Goldbrunner, M. and Loidl, G. and Polossek, T. and Mannschreck, A. and Angerer, E. von (1997) Inhibition of tubulin polymerization by 5,6-dihydroindolo[2,1-alpha]isoquinoline derivatives. Journal of Medicinal Chemistry 40 (22), pp. 3524-3533.
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6-Alkyl-12-formyl-5,6-dihydroindolo[2,1-alpha]isoquinolines have been shown to inhibit the growth of human mammary carcinoma cells by an unknown mode of action. One of the possible molecular targets is the tubulin system which is involved in cell division. A number of 5,6-dihydroindolo[2,1-alpha]isoquinolines with methoxy or hydroxy groups in positions 3, 9, and/or 10 and various functional groups such as formyl, acetyl, cyano, alkylimino, and alkylamino in position 12 were synthesized and evaluated for both inhibition of tubulin polymerization and cytostatic activity in MDA-MB 231 and MCF-7 human breast cancer cells. In the tubulin polymerization assay, only hydroxy derivatives were active, whereas both the hydroxy derivatives and some of the methoxy compounds inhibited cell growth. In order to establish a correlation between the inhibition of tubulin polymerization and cytostatic activity in the hydroxy series, two of the most active racemates were separated into the enantiomers. In both assays, the relative potencies of the hydroxy derivatives were in a similar order. Highest activity was found for the (+)-isomers of 6-propyl- (6b) and 6-butyl-12-formyl-5,6-hydro-3,9-dihydroxyindolo[2,1-alpha]isoquino line (6c) with IC50 values of 11 +/- 0.4 and 3.1 +/- 0.4 microM, respectively, for the polymerization of tubulin at 37 degrees C (colchicine: 2.1 +/- 0.1 microM). The active hydroxy derivatives displaced 40-70% of [3H]colchicine from its binding site in the tubulin at concentrations 10-fold higher than that of colchicine. The data suggest that hydroxy-substituted indolo[2,1-alpha]isoquinolines bind to the colchicine-binding site and inhibit the polymerization of tubulin. This action can be assumed to be responsible for the cytostatic activity of the hydroxy derivatives and might also contribute to the antitumor effect of the corresponding methyl ethers.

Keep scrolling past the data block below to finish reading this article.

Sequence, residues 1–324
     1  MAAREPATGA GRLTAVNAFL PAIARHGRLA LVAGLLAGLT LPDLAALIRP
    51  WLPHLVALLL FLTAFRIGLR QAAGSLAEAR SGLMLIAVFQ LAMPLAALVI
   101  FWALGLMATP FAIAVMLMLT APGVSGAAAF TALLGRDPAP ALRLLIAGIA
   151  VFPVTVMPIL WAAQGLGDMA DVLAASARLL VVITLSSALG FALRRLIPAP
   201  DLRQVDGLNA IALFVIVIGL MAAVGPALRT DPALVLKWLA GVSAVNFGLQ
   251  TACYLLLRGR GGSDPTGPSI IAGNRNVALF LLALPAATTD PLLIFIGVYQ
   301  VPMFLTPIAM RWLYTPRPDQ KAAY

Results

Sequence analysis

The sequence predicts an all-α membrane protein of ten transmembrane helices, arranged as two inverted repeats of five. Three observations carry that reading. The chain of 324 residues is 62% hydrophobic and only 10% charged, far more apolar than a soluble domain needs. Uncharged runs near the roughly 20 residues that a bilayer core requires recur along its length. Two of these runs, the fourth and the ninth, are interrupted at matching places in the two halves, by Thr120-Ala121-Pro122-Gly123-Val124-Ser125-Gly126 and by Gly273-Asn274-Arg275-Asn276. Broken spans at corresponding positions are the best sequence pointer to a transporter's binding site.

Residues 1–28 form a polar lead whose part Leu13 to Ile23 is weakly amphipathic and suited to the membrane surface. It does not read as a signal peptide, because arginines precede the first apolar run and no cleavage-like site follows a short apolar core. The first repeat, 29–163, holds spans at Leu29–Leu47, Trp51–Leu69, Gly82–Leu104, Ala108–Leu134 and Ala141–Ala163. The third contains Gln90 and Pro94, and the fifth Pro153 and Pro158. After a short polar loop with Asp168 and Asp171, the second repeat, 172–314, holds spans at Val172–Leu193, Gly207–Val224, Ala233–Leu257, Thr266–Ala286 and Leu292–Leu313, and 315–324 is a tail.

|Institutions:||Chemistry and Pharmacy > Institute of Pharmacy > Pharmaceutical/Medicinal Chemistry II (Prof. Buschauer)|
|Subjects:||500 Science > 570 Life sciences|
500 Science > 540 Chemistry & allied sciences
|Refereed:||Yes, this version has been refereed|
|Created at the University of Regensburg:||Yes|
|Owner:||Prof. Armin Buschauer|
|Deposited On:||03 Dec 2008 16:22|
|Last Modified:||05 Aug 2009 15:48|
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